“We have to be pretty opportunistic about the way that we intervene in certain places and recruit and build.”

By Matthew J. Haugen, Terrain

Nick (he/him) serves as a Staff Attorney at Breach Collective, providing legal and strategic support to grassroots partners around the country. Nick has significant experience in climate, energy, and air quality law and policy. He has a unique knowledge of municipal level strategies for restricting the activities of the fossil fuel industry, having been deeply involved in efforts to prohibit fossil fuel infrastructure in Portland and throughout the Pacific Northwest. Nick is also a member of Portland DSA and has been active in local movements to raise the minimum wage, establish new protections for renters, and secure greater accountability for the police.

This interview has been edited for content and clarity.

protestors with banner that says Chase Bank is number 1 Funder of Fossil Fuels

MH: Given the urgency of ecological crises, we really need to not have any new fossil fuel infrastructure and phase out what exists as soon as possible. And, at the same time, building new renewable energy; sometimes people take for granted that that’s the same thing. So how can we stop the fossil fuel industry? What are strategies to do that? 

NC: The way I think about it is to turn the logic that the fossil fuel industry wants people to internalize on its head. Most of these projects—especially a new pipeline project or a new terminal project—the burdens are actually all on the company to go get all these permits that they have to get and, historically speaking, they feel like they’re rubber-stamped. So I think people get beat down and scared looking into the face of that. We can’t win, we don’t have the resources, they have all the resources, of course they’re going to get these permits. But it only takes one, sometimes, of those permits to not be granted for a project to not be allowed. So pairing that logic with a will to fight, those two things are integral for any campaign. If you can get that far, then you’ve got a fighting shot. I’ve seen this repeatedly in my activist and professional life: we’re not supposed to win, we’re super overmatched, we’re even sometimes late to the process, they’ve already gotten 80 or 90% of the things they need for the project, most people in the “big greens” have just given up or moved their resources elsewhere. And we’ve intervened and used the organizing techniques that we’ve developed over time and learned from our organizing forefathers and mothers and all the rest. It works.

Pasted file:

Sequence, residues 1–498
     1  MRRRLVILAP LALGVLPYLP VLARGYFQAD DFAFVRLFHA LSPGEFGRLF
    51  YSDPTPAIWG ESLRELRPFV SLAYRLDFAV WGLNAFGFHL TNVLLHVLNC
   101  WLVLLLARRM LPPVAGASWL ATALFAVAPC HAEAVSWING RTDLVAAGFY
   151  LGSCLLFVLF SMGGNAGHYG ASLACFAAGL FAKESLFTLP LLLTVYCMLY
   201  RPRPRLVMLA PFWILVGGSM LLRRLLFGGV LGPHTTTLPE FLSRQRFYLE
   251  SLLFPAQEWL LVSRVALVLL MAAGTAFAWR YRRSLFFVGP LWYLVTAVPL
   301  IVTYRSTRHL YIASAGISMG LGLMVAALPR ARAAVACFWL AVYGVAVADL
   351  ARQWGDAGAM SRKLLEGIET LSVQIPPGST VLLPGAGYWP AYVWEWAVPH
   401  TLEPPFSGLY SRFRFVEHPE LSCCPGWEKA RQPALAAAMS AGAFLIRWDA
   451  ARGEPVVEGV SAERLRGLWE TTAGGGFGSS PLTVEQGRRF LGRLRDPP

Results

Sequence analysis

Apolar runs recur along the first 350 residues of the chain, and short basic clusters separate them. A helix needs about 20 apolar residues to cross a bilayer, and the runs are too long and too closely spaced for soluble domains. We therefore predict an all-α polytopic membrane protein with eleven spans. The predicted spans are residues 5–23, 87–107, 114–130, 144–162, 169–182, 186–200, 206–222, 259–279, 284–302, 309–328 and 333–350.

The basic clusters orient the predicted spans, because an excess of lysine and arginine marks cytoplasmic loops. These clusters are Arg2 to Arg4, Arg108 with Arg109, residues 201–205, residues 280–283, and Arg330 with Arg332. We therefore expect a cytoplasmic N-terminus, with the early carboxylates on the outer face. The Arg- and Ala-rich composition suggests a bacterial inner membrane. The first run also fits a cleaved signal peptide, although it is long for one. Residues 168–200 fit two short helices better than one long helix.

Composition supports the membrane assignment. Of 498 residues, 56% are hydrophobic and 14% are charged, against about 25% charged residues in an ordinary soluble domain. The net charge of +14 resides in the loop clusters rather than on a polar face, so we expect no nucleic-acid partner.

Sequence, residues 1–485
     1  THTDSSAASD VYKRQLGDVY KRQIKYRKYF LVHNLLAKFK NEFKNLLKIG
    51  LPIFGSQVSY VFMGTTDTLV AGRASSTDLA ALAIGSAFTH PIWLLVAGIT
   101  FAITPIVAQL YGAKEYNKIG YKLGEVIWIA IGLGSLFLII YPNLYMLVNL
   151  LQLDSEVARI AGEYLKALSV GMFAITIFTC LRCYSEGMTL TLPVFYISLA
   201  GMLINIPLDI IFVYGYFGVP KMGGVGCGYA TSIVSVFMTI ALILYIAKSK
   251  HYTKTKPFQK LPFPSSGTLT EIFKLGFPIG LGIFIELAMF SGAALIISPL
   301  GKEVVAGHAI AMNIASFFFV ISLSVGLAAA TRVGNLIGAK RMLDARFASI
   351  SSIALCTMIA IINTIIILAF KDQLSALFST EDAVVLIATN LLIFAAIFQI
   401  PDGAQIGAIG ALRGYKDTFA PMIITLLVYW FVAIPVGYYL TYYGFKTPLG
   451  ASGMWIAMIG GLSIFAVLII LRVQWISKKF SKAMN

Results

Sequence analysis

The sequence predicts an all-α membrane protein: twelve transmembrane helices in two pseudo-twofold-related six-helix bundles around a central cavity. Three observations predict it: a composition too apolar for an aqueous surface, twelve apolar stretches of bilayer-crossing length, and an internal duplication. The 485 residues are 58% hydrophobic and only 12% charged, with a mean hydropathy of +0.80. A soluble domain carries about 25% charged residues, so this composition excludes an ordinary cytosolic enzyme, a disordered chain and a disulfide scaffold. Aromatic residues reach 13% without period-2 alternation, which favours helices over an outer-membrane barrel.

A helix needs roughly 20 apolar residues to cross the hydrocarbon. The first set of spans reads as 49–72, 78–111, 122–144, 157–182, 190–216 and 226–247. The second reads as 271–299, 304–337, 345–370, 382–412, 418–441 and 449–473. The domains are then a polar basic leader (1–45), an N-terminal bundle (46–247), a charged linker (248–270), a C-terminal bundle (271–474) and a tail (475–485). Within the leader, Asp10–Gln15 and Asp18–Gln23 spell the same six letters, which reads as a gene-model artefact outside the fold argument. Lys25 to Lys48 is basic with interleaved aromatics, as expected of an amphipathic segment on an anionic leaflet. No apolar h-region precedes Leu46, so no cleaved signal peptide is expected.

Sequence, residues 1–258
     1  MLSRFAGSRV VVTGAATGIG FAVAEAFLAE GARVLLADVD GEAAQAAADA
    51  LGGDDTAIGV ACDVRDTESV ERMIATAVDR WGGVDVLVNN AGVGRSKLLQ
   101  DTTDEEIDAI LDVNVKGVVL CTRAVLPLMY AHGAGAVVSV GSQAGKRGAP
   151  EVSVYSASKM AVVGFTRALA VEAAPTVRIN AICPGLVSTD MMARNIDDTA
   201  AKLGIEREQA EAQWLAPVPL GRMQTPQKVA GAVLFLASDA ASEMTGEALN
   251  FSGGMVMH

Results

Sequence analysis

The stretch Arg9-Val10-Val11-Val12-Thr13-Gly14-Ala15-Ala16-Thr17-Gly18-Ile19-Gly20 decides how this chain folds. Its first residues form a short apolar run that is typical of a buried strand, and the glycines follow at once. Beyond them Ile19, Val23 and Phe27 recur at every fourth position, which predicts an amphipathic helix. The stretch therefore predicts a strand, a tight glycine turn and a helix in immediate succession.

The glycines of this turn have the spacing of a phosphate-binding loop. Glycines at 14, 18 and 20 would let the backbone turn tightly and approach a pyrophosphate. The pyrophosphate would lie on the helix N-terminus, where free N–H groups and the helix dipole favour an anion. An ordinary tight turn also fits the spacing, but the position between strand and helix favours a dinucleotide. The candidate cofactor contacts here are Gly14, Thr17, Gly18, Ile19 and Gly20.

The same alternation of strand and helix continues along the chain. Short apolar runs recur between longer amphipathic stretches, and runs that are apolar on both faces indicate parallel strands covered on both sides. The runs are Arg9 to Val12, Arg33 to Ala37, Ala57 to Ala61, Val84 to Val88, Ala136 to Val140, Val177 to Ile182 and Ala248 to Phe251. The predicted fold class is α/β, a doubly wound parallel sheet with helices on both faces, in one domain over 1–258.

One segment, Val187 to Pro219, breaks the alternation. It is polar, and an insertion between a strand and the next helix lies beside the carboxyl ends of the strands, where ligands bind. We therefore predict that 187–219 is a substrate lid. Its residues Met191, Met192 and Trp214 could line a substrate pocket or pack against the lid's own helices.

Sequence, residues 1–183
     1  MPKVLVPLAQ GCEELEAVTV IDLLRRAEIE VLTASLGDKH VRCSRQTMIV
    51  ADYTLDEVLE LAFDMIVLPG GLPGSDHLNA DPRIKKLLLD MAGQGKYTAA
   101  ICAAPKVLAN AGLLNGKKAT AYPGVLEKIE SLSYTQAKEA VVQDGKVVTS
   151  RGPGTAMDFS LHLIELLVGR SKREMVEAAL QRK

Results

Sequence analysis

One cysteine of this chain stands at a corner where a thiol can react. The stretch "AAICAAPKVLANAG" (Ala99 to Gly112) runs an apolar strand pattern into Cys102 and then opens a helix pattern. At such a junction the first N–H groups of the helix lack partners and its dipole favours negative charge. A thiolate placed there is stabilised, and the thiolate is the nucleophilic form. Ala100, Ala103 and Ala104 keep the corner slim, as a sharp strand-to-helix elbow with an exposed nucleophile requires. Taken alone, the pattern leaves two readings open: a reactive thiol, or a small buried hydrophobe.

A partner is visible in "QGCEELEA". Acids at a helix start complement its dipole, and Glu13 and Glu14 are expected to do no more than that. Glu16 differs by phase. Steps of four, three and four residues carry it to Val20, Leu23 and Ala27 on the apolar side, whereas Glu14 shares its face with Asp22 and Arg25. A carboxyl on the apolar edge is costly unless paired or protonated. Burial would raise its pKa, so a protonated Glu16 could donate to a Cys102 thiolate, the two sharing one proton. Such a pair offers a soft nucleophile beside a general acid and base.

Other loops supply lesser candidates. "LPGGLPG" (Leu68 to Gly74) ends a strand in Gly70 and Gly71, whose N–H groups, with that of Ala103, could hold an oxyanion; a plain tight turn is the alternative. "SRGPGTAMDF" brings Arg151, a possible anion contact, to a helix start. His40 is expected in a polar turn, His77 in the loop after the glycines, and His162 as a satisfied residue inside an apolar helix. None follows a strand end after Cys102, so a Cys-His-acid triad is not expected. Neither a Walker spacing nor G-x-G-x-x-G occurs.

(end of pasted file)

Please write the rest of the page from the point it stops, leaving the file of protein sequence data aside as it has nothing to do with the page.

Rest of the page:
What are some good examples that come to mind?

My favorite campaign that I’ve ever been involved in was actually in Memphis. In 2020, right as Breach Collective was getting started, we met these folks, the Memphis Community Against the Pipeline, who decided that they were going to stop a crude oil pipeline from going through a historically Black neighborhood in southwest Memphis. The pipeline company already had state permits granted and Army Corps nationwide permit 12 granted, and so they were late to it in that way.

We ended up getting to meet these fabulous community advocates in southwest Memphis who mobilized basically from zero to defeating a multibillion dollar pipeline within six or seven months with really, really good grassroots community building and working at city and state government, basically leveraging every possible advantage that they had toward the defeat of this pipeline. The story is incredible; it’s been covered a bunch of times now. There’s a podcast called The Sum of Us that just put out an episode that did a really good job.

It’s one of the most environmentally burdened communities I’ve ever seen, because there’s also legacies of industrial pollution nearby, people’s life-spans are much shorter, there’s high poverty. Just sheer willpower and organizing creativity busted up this oil company in seven months, and it’s the only example that I’ve ever been personally involved in where the company voluntarily withdrew its application for the project and didn’t have to be defeated.

What strategies or tactics do you feel were really successful in that fight?

I think geographical and political power mapping was really important. Whenever I do campaigning, whether it’s on the policy side or opposing a project, the first thing that I do is really intensive research into every law that’s available, every process that I can imagine, and just listing all that. So that was step number one, getting a really good understanding of what the lay of the land was. And then, along with that, seeing what permissions have already been granted, what state agencies have already given their assent to something, what needs still to be granted, where are the local or state governing bodies or utilities or anything that can be used as a leverage point if you could exercise sufficient pressure on them.

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